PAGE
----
Corps revising master plan at Howard Hanson Dam, seeks public input

Changes also coming to Mud Mountain Dam

  • Wednesday, April 10, 2019 7:49pm
  • News
Seattle District fishery biologist Rafael Lopez-Gonzalez holds garter snakes above Howard Hanson Dam. Rafael is working with a team of herpetologist from U.S. Army Engineer Research and Development Center (ERDC) conducting field studies to survey for reptiles and amphibians at Mud Mountain Dam and Howard Hanson Dam. COURTESY PHOTO, Dallas Edwards

Seattle District fishery biologist Rafael Lopez-Gonzalez holds garter snakes above Howard Hanson Dam. Rafael is working with a team of herpetologist from U.S. Army Engineer Research and Development Center (ERDC) conducting field studies to survey for reptiles and amphibians at Mud Mountain Dam and Howard Hanson Dam. COURTESY PHOTO, Dallas Edwards

U.S. Army Corps of Engineers officials are revising the Howard A. Hanson and Mud Mountain Dams Master Plans, and seeking public input.

Corps officials will also be available at three public events to answer questions and provide information about the dams, master plans and the master planning process.

As steward of lands and waters at the dams it manages for the nation, Corps officials use the master plan as a strategic land use management document, according to a Corps news release. It guides comprehensive management and development of all project recreational, natural and cultural resources throughout the dam’s life.

The original master plans were developed about 20 years ago and do not reflect current conditions at the dams. Changes in Corps regulations and community needs necessitate a revision, or update, to the plan. The revisions will classify the government lands around the dam based on environmental and socioeconomic considerations, public input and an evaluation of past, present and forecasted trends.

The public can begin providing input April 11 by sending comments to nwsmasterplan@usace.army.mil. To find out more information visit the Corps’ Seattle District booth at the Washington State Spring Fair from 10 a.m. to 6 p.m., April 11-14.

The two other public event opportunities are:

• April 22, Enumclaw City Hall (1339 Griffin Ave.)

5 to 6:30 p.m., in the Enumclaw City Council chamber

7 to 8:30 p.m. outside the chamber – Operations Project Manager Kevin Heape will give a presentation to the Enumclaw City Council on the Master Plan revision

• May 11, Mud Mountain Dam (30525 SE Mud Mountain Rd, Enumclaw)

9 a.m. to 3 p.m., at the dam’s recreation site during the Corps’ Dam Safety Day and Daffodil Valley Volkssport’s “Just another dam walk.”

“We are looking for public input applicable to environmental stewardship of the lands and outdoor recreation,” said the dams Operations Project Manager Kevin Heape. “Flood risk management, fish passage, water supply, facility design and daily operations are included in other plans.”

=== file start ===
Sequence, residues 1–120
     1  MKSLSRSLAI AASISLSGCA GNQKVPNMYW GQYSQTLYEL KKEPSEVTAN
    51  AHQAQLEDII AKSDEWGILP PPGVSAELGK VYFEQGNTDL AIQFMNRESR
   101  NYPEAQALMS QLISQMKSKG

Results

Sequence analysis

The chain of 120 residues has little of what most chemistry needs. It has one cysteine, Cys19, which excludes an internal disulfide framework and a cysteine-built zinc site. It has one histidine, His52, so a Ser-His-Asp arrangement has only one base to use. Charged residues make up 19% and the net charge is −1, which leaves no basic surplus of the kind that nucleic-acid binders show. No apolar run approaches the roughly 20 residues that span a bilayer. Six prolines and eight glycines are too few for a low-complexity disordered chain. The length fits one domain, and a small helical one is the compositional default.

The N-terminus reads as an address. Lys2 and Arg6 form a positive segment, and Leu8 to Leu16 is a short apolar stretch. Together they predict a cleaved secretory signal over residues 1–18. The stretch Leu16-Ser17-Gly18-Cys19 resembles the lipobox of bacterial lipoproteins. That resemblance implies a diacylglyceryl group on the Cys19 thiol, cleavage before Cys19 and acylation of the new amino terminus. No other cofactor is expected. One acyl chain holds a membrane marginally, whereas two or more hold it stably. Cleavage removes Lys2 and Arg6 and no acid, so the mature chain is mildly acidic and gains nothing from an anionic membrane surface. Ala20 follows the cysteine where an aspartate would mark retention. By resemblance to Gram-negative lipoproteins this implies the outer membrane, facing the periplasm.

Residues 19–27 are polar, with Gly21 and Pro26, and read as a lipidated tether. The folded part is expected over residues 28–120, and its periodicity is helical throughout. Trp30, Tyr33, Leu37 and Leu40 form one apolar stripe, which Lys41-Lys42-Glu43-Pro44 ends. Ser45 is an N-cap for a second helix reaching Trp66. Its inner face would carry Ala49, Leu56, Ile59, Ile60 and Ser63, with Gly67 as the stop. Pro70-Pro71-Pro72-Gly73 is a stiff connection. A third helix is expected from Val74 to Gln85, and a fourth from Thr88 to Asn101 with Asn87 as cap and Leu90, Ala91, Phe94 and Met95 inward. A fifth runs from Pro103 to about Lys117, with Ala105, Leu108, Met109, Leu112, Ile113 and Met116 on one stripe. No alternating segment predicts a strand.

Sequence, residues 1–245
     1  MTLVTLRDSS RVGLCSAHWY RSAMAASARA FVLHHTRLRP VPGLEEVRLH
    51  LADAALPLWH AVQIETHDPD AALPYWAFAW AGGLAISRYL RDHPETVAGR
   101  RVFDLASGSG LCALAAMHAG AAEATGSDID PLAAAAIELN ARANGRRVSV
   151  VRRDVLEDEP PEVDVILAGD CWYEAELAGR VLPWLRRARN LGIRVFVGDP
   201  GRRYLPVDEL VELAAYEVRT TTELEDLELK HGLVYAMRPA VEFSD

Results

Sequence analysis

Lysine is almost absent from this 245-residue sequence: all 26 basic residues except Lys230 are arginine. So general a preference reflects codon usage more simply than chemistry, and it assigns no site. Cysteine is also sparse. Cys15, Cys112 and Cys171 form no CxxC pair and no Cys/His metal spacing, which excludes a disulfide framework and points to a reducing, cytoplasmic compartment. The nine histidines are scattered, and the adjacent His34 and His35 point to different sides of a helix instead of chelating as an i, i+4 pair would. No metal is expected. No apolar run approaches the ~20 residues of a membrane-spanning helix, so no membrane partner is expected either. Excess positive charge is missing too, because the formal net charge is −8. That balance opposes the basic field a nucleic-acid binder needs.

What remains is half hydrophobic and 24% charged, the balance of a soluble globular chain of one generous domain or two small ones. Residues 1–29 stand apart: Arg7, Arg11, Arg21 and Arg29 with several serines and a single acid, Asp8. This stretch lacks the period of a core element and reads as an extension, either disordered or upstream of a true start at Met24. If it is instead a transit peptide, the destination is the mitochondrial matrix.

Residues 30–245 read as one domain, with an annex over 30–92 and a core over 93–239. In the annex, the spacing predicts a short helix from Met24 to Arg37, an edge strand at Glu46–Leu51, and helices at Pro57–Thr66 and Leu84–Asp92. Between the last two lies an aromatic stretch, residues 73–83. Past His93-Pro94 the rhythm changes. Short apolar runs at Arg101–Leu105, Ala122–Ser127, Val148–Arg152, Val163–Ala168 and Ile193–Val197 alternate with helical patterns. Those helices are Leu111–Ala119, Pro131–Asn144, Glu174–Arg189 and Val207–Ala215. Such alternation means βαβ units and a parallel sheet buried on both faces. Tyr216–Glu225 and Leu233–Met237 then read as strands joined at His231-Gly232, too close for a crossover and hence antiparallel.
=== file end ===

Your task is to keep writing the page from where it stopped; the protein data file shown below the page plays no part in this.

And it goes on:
Deadline for public input during the scoping period is May 15. The next public input opportunity is during public review of the draft master plans and environmental assessments anticipated in spring 2020.

Howard A Hanson Dam is an earthen dam on the Green River, 21 miles east of Auburn. The dam was authorized by the Flood Control Act of 1950 and completed in 1962. It is a multipurpose project that includes flood risk reduction, fish conservation, water supply and ecosystem restoration. Flood risk reduction is focused on the highly developed Green River Valley. It has prevented an estimated $21.5 billion in flood damage. The dam and its reservoir is closed to the public as it lies entirely within the City of Tacoma municipal watershed.

Mud Mountain Dam is an earthen dam, with a concrete cutoff wall in the core, on the White River, 5 miles southeast of Enumclaw. The dam was authorized by the Flood Control Acts of 1936 and 1944 and completed in 1948. It is flood risk reduction dam protecting the lower White and Puyallup River valleys.

Mud Mountain Dam regulates flooding by holding back water from heavy rains and melting snow in the reservoir, then releasing it slowly back into the river. The reservoir is usually empty, except for the normal flow of the White River. Completely filled, the reservoir would stretch 5.5 miles and cover 1,200 acres. The Corps also made channel improvements and built levees on the lower Puyallup River. Together, these structures have saved an estimated $308 million in flood damages and currently helps protect the homes and businesses of about 400,000 people.

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